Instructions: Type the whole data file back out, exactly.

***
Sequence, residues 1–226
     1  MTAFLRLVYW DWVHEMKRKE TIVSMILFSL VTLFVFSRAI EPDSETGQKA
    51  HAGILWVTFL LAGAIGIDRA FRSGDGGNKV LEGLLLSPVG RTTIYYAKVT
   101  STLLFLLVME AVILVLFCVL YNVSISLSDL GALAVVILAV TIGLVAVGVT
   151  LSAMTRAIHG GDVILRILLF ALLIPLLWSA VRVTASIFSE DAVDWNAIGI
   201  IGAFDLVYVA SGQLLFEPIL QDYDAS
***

Sequence, residues 1–226
     1  MTAFLRLVYW DWVHEMKRKE TIVSMILFSL VTLFVFSRAI EPDSETGQKA
    51  HAGILWVTFL LAGAIGIDRA FRSGDGGNKV LEGLLLSPVG RTTIYYAKVT
   101  STLLFLLVME AVILVLFCVL YNVSISLSDL GALAVVILAV TIGLVAVGVT
   151  LSAMTRAIHG GDVILRILLF ALLIPLLWSA VRVTASIFSE DAVDWNAIGI
   201  IGAFDLVYVA SGQLLFEPIL QDYDAS